New Orleans Pelicans: An NBA Team By Any Other Name
Mascots for professional sports teams should inspire fans. They should evoke imagery and aid in providing a concept to which fans can grab hold and attach pride. They should take a concept already linked to the area and build upon it. When deciding on the mascot for a team, the ownership should take enough time to get the correct name, as millions of sports fans world-wide will form their opinion, whether they root for the team or not. In replacing the mascot for the NBA’s New Orleans franchise, a groan-worthy choice was made.
There’s no other way to describe it, New Orleans Pelicans just doesn’t initially evoke strong, positive feelings for a sports franchise.
Retaining the Hornets mascot name which came to the city with the team would have been better, but wanting to have a new identity is understandable. An ideal option would have included some sort of buy-out to reclaim the name “Jazz” from Utah’s team, which brought the name with them when they left New Orleans in 1979. A Salt Lake City-based team’s mascot would be more appropriately named one of the following options:
Saints – it’s not unusual for a team in one sport to have the same mascot as a team in a different sport. Fans who liked the name Jazz as a link to the team’s roots in New Orleans would maintain that aspect of the mascot because of the link here to the New Orleans NFL franchise. It also privides a link to the area’s predominant religion, as 58% of Utah’s population cites the Latter-Day Saints as their religion. Another 10% of the population claim Catholicism, another religion with strong ties to the notion of saints. Another option along similar lines would be Bishops, which are not only religious in nature, but also featured prominently in the game of chess.
Pioneers – in the 1800s, Utah was settled by individuals seeking to establish a home of their own where their culture could flourish, and this name could celebrate that. In the same respect, the name Scouts would not only capture the adventurous spirit, but also draw a loose affiliation with the Boy Scouts Of America, a like-minded service-oriented organization which many Latter-Day Saints support.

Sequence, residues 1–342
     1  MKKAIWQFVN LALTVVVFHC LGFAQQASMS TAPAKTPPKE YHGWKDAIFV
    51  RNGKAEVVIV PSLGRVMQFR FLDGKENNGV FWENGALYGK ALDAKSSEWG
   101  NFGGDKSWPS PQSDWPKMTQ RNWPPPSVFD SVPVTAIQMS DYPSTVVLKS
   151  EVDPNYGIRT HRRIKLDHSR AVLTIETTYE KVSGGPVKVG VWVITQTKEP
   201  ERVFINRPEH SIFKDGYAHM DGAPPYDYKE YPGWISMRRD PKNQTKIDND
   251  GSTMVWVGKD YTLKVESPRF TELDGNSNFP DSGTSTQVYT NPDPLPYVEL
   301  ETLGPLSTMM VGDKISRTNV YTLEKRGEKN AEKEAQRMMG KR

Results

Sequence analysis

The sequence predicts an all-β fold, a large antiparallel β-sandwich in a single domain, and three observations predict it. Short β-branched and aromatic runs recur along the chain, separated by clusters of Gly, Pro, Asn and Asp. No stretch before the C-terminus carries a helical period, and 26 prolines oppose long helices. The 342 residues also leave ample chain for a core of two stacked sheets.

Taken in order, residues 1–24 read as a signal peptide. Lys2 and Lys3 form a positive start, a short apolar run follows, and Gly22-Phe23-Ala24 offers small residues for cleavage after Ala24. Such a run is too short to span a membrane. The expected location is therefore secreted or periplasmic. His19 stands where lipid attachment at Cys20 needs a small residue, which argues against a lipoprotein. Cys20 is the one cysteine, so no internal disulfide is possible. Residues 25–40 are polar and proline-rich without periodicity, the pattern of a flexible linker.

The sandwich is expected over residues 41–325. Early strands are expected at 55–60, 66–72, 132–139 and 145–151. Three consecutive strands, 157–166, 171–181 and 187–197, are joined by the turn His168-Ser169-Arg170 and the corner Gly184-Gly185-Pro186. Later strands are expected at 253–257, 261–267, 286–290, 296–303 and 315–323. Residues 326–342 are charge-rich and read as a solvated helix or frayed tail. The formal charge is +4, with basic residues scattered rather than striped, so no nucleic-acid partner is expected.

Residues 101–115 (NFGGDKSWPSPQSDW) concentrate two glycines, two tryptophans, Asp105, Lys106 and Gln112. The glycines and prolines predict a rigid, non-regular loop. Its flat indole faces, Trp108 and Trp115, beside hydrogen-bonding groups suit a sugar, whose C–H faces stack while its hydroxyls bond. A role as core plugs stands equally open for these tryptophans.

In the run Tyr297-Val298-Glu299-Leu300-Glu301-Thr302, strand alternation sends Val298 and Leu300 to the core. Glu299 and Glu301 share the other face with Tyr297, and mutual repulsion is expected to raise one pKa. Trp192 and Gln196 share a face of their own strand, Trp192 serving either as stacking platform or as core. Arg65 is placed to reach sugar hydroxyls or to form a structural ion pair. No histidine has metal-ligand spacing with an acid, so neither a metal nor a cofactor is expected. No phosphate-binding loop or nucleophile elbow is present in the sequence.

If it’s a music-related link the franchise wants, the world-renowned Mormon Tabernacle Choir could be referenced with the name Choir Boys. Before dismissing this option, just consider the positive impact this could have on involvement in choral groups and the reputation of their members. At a time when anti-bullying efforts are on the rise, it could help those who are musically-inclined to be better socially accepted if professional athletes are wearing the term on their sleeves. Literally.
Being realistic, the Utah franchise has plenty of fans who are accustomed to the name Jazz, and there’s really no need for that team to switch their mascot.
River Dogs – with New Orleans being situated at the base of the United States’ longest river, the team could have targeted that aspect of their geography and taken to a name which has been used by various minor league franchises in various sports in other cities.
Carnival – though the concept is religious in nature, it also speaks to a season for having a good time, which ties directly to Mardi Gras, a concept which is linked just as directly to the city of New Orleans as the name Jazz
VooDoo – though not necessarily the most upliftingly positive concept, the idea of a dark magic which inflicts pain and mystically takes control of others could be an ominous term with a certain style attached to it. They wouldn’t be the first organization which uses the name to link itself to the area
Cajuns – using this term would continue the ties to a strong ethnic identity including the French influence in the area, which the franchise already has chosen to do, given the logo shown above which includes the Fleur De Lis just as the New Orleans Saints have done
Gators – already in use by University Of Florida, this provides a fierce mascot with strong regional ties: Louisiana is the state with the largest population of the American Alligator.
If a fierce or ethno-centric mascot isn’t what the New Orleans NBA franchise is looking for in a mascot, perhaps they could make ties to a different form of entertainment their city is known for by calling themselves The Bead-Throwers.
On its face, the name New Orleans Pelicans is hard to appreciate, and has already been much maligned since its announcement just days ago. Though most would still prefer a different name, I have heard some other arguments for why the name fits, and how some people might not be giving pelicans their due credit for being fierce birds of prey.
- The Pelican is the state bird of Louisiana
- Not only are pelicans hypercarnivores, meaning they only eat meat, but they aren’t scavengers by nature, and typically only eat what THEY kill
- Having great vision, pelicans can see fish in the water from 60 feet in the air, and when they dive down to grab their prey, they do it with style by spiraling their descent
- An aspect of pelicans which a true guy can appreciate, they’re known to eat as much as 4 pounds of fish in a day, which often constitutes more than half its own bodyweight
- Teamwork? Pelicans often work in groups, taking turns diving into the water to round-up a school of fish, making it easier to ensure members of the group each are successful hunting
On this topic, what say you? Do you like the name New Orleans Pelicans? Is it woefully bad? Do you even care what the New Orleans NBA franchise names itself?
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